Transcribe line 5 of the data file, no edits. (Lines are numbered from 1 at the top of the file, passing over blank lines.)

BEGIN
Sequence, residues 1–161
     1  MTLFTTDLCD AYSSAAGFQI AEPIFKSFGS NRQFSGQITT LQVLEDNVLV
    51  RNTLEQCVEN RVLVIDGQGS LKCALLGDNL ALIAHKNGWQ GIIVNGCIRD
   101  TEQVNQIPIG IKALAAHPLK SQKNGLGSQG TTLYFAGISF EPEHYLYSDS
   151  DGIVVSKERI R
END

   151  DGIVVSKERI R